I also hope this little list has been helpful in your shopping endeavors. Please consider shopping handmade with these and other artists to help support artists in your area and around the world. I’ll be doing more lists like this one in the future, on a semi-regular basis, along with more blogs on art and crafting. If you’ve got a favorite artist or your own store that I should check out, or there are particular horse items you’d like recommendations for, please leave a comment!

Great Gifts for Horse Lovers, Part II: Personalization Strikes Back

As a continuation of my previous post with some recommendations on gifts for the horse people in your life, I thought I’d do a follow-up since it’s now officially gift-buying season and let’s face it, horse people are simply not getting any easier to buy for. As per usual, my suggestions are handmade items, and I urge you to support artists and crafters directly, because they’re awesome and they could use your business. With this post, I’m going to concentrate specifically on the kinds of gifts you’re not likely to be able to buy from the equine catalogs: gifts that you can have customized or personalized to make them one of a kind. Horse people are seriously hard to shop for, but we also appreciate the personal touch… like when you remember our horse’s name. And let’s face it, we are delighted with anything at all that has our horse’s name on it. Below is my latest Etsy treasury of customizable horse gifts; you can also check out the treasury directly on Etsy if you’d prefer.


Personalized Fine Silver Hor…

$88.00

Horse Gift Art Framed Print …

$38.00

Chalk board Stall Sign

$35.00

Custom Horse Portraits LOVIN…

$75.00

Personalized Horse Ornament …

$8.00

Personalized family ranch Na…

$54.99

Horse Necklace Custom Person…

$44.00

HORSE Ornament Personalized …

$8.50

Word of your Choice OR Your …

$4.25

Horses Personalized wall art…

$14.99

Personalized Christmas Cards…

$18.00

Personalized Silver Horse Je…

$92.00

15″ – Personalized Hand…

$37.00

Western Horse Christmas Stoc…

$29.00

Lariat Rope Necklace – Perso…

$46.00

Custom Ribbon Display

$45.00

Treasury tool supported by the dog house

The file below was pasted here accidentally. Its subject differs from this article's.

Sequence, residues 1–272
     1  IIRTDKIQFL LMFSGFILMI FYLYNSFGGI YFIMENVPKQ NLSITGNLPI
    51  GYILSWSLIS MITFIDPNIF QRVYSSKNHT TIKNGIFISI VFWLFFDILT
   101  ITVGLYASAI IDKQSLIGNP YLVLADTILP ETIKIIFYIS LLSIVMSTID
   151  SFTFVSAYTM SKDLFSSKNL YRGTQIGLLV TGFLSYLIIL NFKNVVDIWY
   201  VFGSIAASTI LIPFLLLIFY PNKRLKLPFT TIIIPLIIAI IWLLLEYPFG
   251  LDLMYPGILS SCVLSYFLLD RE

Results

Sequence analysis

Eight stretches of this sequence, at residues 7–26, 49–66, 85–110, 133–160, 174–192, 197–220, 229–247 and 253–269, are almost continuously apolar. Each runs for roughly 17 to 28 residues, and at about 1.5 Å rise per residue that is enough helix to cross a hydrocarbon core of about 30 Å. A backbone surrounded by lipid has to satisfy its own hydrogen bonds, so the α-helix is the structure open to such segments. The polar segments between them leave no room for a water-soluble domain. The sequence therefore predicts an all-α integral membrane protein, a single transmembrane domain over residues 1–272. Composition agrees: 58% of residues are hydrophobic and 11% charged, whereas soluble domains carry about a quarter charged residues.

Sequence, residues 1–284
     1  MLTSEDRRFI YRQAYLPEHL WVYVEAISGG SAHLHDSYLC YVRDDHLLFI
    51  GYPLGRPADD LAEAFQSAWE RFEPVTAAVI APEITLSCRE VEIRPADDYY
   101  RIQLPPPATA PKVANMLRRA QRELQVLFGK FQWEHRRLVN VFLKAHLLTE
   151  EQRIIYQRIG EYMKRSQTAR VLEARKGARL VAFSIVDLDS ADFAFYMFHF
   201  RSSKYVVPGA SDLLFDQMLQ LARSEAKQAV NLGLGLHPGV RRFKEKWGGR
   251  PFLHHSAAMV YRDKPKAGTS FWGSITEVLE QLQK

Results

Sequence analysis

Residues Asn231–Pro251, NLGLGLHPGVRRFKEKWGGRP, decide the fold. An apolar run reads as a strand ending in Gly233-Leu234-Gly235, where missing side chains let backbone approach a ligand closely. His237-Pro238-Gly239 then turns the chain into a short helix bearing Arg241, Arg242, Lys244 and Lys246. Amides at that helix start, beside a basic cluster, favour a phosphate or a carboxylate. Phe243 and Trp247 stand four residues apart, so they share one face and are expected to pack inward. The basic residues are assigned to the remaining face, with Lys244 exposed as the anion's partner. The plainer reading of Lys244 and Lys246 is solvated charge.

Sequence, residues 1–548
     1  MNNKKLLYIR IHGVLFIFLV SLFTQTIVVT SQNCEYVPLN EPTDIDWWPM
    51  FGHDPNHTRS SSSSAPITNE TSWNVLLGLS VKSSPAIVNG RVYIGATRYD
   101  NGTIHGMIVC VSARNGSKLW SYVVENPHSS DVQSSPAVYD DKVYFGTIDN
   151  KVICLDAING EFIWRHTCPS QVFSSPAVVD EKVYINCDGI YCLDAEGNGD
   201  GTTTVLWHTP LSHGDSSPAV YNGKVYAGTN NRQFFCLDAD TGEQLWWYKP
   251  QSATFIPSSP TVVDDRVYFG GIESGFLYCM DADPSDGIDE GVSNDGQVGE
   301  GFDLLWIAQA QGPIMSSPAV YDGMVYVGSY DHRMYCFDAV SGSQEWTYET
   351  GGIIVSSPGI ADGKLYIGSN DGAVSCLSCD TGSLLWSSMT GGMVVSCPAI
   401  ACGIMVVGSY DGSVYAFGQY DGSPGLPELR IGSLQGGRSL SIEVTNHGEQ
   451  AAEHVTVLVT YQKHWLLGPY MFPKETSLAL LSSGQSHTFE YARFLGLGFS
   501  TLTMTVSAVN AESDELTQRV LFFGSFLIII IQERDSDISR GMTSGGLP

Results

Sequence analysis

And now for the shameless self-promotion:

Copper Wire Horse OrnamentsI make my own personalized or generic horse, donkey, and mule ornaments out of wire and sell them on Etsy; you can find my shop at Bright Strange Things on Etsy. I can customize ornaments to try to match specific horse colors and breeds, or to symbolize particular riding disciplines. I also sell photo prints and sometimes t-shirts, and am working on some new lines of products, so I hope you’ll also give my shop a look, and check out some of the sellers above when you’re shopping for Christmas, birthdays, horsiversaries, or any other equine-related gift-giving occasion.

Five Awesome and Unique Gifts for Horse Lovers

If you ask me, having to buy a present for a horse person is a massive pain in the hindquarters. As a horse person myself, I understand the dilemma. Every horse-crazy individual probably has a massive wish list of tack, equipment, adorable knick-knacks and sassy barn signs that they’d like to add to their already equine-heavy lives, but it tends to be a very specific list, and even for a fellow horse person it can be impossible to get right. For somebody who doesn’t know a manure fork from a salad fork, buying anything horsey can be downright impossible. Tack is easy enough to rule out: it’s usually expensive, requires specific measurements, and isn’t worth bothering with as a gift if you don’t know exactly what you’re buying. The same problem crops up with more mundane items. Does your giftee prefer flat halters or rope halters? Does she use only one specific brand and shun all others? Is this muck bucket you found in the tack store the kind she loves because they last longer than a week, or the kind she’s always cursing because they break if you so much as look at them funny? Will his horse eat carrot-flavored treats or does he only like the peppermint ones? It all gets a bit fraught after awhile.

The obvious route, then, is horse-themed items of a less practical nature. Horse people seem to be pretty happy with any gift featuring an equine, and entering their homes you’re likely to see Breyer horses on the bookshelves and horse photos on the walls and pony silhouettes on the bedspreads. Even those get tiresome, though, when you notice that pretty much every horse equipment catalog carries exactly the same collection of apparel and home decor. (I do want to offer a brief tip of the hat, however, to Back in the Saddle, which tends to offer a wider and much more interesting selection of these sorts of goods than your standard everything-horses catalog. If you have other suggestions, please feel free to offer them up in the comments!)